What Are the Common Eye Problems That Occur With Aging?

Dry Eyes: This is a common issue due to decreased tear production and eyelid problems. It can be worsened by smoking, menopause, computer use, dehydration, and certain medical conditions. Artificial tears and lifestyle changes can help manage it.

Presbyopia: This age-related condition causes near vision blurring. Reading glasses are typically recommended to improve reading and close-up tasks.

Posterior Vitreous Detachment and Floaters: The vitreous gel inside the eye liquefies with age, causing floaters (like seeing “mosquitoes”). Flashes of light, sudden increase in floaters, or vision loss require immediate ophthalmologist evaluation.

Cataract: This is a clouding of the lens, causing blurred vision. It’s the most common eye disease in seniors, treatable with surgery and intraocular lens implantation to restore vision.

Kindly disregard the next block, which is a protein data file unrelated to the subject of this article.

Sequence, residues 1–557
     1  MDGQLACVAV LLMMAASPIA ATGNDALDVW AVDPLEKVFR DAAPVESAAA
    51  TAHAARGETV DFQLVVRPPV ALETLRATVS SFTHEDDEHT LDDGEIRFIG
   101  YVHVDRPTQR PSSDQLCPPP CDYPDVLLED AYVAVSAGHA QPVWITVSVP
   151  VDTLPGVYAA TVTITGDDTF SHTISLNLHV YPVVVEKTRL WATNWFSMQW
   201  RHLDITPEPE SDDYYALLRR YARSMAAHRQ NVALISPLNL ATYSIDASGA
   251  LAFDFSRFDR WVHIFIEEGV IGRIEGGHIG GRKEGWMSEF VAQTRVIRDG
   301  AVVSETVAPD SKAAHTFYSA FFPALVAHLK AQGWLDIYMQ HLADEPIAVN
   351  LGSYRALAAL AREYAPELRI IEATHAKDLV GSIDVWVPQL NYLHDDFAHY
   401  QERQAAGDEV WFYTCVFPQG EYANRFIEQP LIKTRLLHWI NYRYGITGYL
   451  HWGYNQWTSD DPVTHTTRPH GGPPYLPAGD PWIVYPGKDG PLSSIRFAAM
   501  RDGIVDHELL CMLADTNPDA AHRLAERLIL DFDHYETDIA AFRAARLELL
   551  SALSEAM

Sight-Threatening Conditions:

  • Glaucoma: This damages the optic nerve due to increased pressure in the eye, leading to progressive vision loss. There are two main types: open-angle and closed-angle.
  • Age-Related Macular Degeneration (AMD): This is a leading cause of blindness. It has two forms: dry AMD (gradual vision loss) and wet AMD (rapid vision loss due to abnormal blood vessels leaking fluid).
  • Diabetic Retinopathy: Poor blood sugar control in diabetics can cause new blood vessels in the retina to leak and bleed, leading to vision loss.
  • Remember: Early detection and treatment are crucial for managing eye conditions and preventing vision loss. Regular eye exams with an ophthalmologist are essential for seniors.